Divorce, also known as “dissolution of marriage,” occurs when a marriage is legally terminated. Divorce law governs the sometimes complicated process of divorce, helping to determine how property and assets are divided as well as who will have custody of any children the couple may have.

Divorce should not be confused with annulment, which declares the marriage null and void; with legal separation (a legal process by which a married couple may formalize a de facto separation while remaining legally married) or with de facto separation (a process where the spouses informally stop cohabiting).

A no-fault divorce is much less complicated than a fault divorce. In a no fault divorce there is no need for evidence or proof of wrongdoing. Instead, any legally recognized reason for divorce is acceptable. Generally, “irreconcilable differences,” or the mere inability to get along, is considered a valid reason for no fault divorce. This means that the other spouse cannot prevent his or her partner from filing for divorce. By challenging the decision, he or she only lends merit to the fact that the couple does not see eye to eye.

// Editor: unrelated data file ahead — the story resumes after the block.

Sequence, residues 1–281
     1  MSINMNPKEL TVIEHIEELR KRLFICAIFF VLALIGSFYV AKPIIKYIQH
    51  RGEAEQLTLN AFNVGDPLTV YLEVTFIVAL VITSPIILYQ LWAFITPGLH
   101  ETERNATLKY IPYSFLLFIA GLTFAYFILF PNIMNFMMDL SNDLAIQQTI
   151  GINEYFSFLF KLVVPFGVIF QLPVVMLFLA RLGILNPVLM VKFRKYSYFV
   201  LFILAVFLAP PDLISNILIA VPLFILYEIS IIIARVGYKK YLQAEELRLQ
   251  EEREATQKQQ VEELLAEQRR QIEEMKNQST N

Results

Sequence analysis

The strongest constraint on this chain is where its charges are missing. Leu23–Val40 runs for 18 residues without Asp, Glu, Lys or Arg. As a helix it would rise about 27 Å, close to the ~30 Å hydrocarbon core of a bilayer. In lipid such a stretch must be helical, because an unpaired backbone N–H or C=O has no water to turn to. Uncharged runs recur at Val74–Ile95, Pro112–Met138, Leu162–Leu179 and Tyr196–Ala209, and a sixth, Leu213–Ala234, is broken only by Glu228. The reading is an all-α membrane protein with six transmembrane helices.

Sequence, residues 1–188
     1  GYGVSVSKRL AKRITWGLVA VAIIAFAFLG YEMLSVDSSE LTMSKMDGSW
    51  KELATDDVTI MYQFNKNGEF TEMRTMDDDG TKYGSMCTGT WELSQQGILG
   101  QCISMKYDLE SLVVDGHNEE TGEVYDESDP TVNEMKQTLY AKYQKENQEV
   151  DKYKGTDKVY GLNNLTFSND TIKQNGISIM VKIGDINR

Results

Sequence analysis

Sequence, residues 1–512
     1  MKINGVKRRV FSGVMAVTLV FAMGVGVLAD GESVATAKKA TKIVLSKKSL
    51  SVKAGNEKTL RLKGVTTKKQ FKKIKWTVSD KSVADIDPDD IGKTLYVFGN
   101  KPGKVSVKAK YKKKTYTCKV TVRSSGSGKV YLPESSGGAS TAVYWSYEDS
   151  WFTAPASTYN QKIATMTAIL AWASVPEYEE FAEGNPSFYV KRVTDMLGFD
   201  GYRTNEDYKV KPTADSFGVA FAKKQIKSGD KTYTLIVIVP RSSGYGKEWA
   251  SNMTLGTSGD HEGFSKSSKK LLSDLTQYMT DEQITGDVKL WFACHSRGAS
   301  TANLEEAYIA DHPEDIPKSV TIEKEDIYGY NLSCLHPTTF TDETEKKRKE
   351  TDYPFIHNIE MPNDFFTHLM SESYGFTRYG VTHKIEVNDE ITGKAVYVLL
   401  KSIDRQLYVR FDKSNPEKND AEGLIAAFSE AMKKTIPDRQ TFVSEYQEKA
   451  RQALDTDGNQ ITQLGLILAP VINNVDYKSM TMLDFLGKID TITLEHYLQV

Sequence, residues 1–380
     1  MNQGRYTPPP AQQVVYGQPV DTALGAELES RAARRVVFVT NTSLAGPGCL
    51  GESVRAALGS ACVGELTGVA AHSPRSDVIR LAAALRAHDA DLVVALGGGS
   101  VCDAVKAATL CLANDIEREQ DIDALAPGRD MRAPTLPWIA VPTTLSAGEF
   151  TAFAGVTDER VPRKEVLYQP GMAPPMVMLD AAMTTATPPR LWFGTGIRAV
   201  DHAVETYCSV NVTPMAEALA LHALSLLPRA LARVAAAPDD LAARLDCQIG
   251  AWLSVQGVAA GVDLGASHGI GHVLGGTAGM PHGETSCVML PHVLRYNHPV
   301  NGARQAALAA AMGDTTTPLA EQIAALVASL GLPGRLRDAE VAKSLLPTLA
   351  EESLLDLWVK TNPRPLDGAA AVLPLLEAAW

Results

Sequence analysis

Under Pennsylvania’s no-fault method, a divorce decree can be processed as soon as ninety days after the filing and service upon the other spouse of a divorce complaint if both spouses will consent to the entry of the decree. If one spouse fails to consent to the entry of the decree, a no fault decree can be entered if the marriage is irretrievably broken and the spouses have been separated for at least two years. With regard to the date of separation, please be advised that there is no such thing as a legal separation in Pennsylvania. In fact, in some circumstances, spouses can be separated even if they continue to reside in the same household.
Divorce

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